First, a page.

The internet-of-things (IoT) describes a world in which sencors are placed on machines and the resulting data is used to improve and track their performance. Earlier this year, the Indian government put out its first ever IoT policy document, that envisions creating a $15 billion IoT market in India by 2020 and the first steps towards that goal are already being taken both in the government and the private sector.
Tata Motors, the largest manufacturer of commercial vehicles in the country , has begun putting sensors into its trucks and has built a service model – allowing owners of large fleets of trucks a greater degree of insight into how the vehicles are used and even predict potential breakdowns.
“You can monitor driver behaviour or fuel theft – so while the fuel level is constantly being monitored, any sudden move up or down is tracked. Sudden breaking can also be detected, so you can build algorithms inside the black box in the vehicle or you can build that as part of your system, which makes sense of this data,” Jagdish Belwal, chief information officer at Tata Motors, told ET. The company also has a large analytics team that will crunch the data from the vehicles to present to its customers.
Even as commercial vehicle manufacturers look at providing data to their customers, insurance companies are getting on board to use similar data sets to help set better premiums. “We use telematics with a few corporate clients in order to save money on policies, so transportation risks are covered. We put these devices on trucks to map the routes, to see whether there is pilferage, stoppage,” Girish Nayak, chief – service, operations and technology with insurer ICICI Lombard, said. The telematics programme is live with a couple of customers, he added.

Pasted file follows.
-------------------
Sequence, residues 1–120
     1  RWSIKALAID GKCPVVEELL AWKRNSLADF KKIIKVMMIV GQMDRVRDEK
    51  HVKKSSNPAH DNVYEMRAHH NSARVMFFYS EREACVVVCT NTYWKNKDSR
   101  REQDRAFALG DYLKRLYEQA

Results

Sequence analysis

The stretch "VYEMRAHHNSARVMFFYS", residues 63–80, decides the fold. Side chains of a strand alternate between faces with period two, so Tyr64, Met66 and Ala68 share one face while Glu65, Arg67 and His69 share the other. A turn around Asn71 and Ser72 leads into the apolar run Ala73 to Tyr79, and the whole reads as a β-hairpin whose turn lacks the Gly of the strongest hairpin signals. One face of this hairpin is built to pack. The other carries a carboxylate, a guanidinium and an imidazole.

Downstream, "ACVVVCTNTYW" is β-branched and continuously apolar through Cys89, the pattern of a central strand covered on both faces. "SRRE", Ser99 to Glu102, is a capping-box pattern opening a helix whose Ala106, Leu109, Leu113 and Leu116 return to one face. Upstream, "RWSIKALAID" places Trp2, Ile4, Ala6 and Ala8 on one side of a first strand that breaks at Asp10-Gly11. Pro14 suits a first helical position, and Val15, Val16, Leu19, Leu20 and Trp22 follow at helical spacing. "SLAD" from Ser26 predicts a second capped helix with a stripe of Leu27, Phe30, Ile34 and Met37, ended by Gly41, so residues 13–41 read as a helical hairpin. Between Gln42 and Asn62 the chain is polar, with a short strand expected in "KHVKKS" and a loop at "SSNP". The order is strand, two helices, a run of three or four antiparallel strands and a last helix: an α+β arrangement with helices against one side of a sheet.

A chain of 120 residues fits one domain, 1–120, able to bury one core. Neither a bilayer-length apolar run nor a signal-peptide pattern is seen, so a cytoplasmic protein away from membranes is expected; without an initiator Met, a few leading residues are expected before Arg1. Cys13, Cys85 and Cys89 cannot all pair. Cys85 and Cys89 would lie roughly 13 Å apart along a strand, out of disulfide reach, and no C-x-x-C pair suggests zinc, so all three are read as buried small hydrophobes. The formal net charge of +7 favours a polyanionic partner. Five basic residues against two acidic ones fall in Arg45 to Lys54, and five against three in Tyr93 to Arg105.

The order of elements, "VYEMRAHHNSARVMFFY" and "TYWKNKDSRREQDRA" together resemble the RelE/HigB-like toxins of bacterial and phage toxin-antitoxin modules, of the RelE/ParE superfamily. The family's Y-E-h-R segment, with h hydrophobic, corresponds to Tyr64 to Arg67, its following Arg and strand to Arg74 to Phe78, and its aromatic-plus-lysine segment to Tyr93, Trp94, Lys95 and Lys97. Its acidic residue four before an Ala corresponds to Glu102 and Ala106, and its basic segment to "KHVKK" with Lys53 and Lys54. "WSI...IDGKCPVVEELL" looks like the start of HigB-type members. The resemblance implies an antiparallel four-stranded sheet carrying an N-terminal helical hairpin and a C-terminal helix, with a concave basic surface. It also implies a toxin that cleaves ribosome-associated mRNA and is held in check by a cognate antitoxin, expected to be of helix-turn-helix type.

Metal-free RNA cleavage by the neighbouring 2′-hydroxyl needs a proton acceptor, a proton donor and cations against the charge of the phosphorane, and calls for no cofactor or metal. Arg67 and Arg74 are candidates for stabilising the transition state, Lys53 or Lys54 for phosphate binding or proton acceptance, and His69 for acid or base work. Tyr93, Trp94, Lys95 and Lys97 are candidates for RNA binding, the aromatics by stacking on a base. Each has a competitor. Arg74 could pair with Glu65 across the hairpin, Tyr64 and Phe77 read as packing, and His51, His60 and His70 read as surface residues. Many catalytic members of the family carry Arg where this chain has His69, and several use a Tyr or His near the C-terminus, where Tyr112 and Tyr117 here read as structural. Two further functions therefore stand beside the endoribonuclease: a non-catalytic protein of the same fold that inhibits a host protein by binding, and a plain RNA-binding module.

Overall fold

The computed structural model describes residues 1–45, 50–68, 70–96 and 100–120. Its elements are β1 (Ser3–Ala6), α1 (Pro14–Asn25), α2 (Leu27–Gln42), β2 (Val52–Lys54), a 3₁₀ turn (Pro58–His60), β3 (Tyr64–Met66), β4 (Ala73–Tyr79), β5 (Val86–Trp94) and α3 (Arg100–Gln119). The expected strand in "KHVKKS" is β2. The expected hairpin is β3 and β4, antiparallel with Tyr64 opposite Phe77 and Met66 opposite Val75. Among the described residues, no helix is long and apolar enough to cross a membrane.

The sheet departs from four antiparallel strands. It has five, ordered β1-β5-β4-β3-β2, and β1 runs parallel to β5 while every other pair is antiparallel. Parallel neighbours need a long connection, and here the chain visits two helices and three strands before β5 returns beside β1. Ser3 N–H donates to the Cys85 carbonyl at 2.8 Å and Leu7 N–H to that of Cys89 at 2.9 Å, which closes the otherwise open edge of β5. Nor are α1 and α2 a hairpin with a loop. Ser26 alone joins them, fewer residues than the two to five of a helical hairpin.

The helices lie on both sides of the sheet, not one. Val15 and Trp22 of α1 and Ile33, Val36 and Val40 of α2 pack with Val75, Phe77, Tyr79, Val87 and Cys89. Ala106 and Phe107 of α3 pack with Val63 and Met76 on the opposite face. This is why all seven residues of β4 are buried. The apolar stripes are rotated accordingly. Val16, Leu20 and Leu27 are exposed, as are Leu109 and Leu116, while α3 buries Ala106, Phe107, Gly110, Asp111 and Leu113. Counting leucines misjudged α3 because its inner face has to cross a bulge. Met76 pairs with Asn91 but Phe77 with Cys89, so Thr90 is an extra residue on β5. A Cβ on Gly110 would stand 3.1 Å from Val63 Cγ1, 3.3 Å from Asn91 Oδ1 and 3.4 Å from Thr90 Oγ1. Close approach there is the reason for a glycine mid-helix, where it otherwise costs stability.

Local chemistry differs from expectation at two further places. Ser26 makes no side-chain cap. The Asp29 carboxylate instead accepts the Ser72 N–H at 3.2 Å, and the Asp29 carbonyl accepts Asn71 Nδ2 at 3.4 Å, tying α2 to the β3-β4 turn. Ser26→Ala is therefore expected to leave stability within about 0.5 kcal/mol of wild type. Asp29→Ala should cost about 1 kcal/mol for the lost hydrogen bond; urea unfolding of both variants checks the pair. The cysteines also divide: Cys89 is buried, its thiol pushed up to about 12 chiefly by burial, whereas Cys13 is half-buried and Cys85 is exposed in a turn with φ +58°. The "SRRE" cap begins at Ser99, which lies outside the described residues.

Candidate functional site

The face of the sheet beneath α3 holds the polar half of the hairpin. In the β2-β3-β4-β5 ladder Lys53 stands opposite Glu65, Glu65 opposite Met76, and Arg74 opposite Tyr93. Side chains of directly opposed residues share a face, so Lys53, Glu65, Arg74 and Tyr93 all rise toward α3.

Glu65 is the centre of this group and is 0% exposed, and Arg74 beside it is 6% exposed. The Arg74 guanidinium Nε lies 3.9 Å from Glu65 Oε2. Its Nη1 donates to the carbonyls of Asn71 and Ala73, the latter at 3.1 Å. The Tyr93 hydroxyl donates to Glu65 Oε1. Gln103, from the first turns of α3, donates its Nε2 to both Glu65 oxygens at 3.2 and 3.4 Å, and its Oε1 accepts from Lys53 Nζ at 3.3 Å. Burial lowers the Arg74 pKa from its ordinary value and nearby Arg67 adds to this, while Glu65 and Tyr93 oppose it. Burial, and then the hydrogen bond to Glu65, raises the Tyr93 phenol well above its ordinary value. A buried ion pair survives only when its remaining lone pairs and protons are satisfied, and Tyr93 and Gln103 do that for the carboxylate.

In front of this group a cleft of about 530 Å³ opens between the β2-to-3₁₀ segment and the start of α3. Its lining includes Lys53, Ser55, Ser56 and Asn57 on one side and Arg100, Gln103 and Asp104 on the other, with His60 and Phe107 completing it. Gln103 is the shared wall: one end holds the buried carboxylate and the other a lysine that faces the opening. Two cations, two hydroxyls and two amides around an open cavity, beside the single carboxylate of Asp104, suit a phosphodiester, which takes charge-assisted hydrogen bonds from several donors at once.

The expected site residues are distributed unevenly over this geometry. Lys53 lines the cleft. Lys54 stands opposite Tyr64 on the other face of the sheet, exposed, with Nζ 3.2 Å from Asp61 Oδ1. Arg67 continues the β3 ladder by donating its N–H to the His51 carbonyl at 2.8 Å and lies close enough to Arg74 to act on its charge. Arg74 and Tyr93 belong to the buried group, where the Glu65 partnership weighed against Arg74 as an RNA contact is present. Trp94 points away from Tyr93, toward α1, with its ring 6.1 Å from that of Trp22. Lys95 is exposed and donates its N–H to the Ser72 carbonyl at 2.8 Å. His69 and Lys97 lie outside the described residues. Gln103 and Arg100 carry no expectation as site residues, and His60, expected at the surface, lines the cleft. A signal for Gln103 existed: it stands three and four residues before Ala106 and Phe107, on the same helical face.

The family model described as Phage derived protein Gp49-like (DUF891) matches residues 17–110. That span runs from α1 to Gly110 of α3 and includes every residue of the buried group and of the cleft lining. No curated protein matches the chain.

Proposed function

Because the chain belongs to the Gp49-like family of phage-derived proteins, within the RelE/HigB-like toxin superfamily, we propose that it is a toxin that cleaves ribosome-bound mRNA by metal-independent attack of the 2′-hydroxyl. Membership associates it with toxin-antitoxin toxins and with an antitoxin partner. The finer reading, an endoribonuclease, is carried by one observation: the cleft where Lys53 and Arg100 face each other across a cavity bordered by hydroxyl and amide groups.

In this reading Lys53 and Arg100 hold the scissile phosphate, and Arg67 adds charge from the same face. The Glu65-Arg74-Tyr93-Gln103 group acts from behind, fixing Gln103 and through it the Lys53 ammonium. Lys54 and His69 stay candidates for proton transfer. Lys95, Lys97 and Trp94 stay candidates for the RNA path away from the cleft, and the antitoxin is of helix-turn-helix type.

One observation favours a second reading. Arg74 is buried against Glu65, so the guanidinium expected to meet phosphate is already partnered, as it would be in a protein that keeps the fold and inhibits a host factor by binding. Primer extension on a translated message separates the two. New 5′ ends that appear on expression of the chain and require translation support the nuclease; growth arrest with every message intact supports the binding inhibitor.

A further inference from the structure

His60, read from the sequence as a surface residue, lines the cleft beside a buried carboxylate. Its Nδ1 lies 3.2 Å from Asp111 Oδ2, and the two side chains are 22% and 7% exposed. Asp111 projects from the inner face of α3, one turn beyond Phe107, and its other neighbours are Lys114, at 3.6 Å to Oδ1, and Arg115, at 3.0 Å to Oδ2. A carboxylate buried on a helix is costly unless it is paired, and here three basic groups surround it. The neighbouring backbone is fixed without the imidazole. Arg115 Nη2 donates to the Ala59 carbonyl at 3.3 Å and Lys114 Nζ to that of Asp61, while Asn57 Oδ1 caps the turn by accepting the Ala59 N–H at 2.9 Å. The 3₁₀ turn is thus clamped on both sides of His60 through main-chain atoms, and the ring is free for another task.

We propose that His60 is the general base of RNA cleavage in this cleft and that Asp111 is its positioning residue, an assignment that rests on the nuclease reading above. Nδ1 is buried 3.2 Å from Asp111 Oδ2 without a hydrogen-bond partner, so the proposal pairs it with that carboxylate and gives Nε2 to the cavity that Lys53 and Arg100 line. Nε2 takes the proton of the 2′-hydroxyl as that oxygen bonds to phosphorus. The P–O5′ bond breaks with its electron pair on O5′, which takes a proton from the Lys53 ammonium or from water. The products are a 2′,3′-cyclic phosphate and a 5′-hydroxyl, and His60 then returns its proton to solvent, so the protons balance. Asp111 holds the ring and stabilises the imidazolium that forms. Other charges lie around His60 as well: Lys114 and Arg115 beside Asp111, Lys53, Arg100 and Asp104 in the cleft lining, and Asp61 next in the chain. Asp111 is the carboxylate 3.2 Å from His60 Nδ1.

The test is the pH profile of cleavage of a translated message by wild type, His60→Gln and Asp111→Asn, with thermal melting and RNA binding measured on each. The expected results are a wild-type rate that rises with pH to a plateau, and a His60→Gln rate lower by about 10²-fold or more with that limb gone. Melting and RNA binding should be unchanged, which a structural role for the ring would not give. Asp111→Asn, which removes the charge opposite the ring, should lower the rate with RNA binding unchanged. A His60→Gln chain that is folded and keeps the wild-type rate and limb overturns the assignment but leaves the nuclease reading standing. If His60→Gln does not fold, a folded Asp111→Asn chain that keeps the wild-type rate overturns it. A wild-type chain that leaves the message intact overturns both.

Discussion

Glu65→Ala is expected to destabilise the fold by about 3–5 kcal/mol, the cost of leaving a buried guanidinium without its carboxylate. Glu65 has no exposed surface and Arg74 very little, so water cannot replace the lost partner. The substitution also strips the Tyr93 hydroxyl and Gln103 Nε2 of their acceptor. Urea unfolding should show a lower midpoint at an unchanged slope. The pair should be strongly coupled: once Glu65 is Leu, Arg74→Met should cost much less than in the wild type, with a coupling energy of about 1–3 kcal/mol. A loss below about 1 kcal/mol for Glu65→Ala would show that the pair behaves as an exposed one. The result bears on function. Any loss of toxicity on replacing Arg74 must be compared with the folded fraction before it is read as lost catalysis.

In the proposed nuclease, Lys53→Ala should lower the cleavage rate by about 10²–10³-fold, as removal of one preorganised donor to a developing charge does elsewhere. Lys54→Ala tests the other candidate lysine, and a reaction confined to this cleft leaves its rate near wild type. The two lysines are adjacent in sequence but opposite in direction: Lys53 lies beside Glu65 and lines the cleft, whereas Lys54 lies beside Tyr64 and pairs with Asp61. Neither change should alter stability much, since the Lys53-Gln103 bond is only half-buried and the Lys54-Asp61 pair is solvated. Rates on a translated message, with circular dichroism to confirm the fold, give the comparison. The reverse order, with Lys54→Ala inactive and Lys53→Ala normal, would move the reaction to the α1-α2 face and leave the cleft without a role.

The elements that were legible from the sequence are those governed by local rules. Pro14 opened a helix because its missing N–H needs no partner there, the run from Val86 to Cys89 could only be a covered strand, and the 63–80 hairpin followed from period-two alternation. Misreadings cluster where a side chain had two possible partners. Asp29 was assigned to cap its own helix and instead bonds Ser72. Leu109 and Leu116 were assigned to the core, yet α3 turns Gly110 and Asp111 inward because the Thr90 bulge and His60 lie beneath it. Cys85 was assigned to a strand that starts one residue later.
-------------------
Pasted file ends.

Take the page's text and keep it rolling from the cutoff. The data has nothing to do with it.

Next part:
While the cost of the device and sensors makes a similar program for motor insurance, even consumer companies are looking at adding a greater degree of intelligence in their products. “We have products with sensor-based locks, lights and can send alarms, so things which are more affordable but far more intelligent.The movement is now towards these products,” Mehernosh Pithawalla – associate vice president & head, marketing at Godrej Security Solutions, said. “We are going to see this trend continuing and in fact intensify. In the next two years, at least 50% of our products will have some kind of intelligence,” Godrej Security Solutions already sells safes that can send messages when they are in the process of being breached and sensor-based alarm systems that can be accessed through a mobile-phone app that detects an entry into your apartment and allows you talk to the intruder through the alarm.
Even the government, not greatly known for its use of innovative technology, has taken to the technology to better regulate the transport of materials from mines. The Karnataka state government and the Goa State government are using IoT-based systems to clamp down on the illegal sale and transport of sand and iron-ore respectively.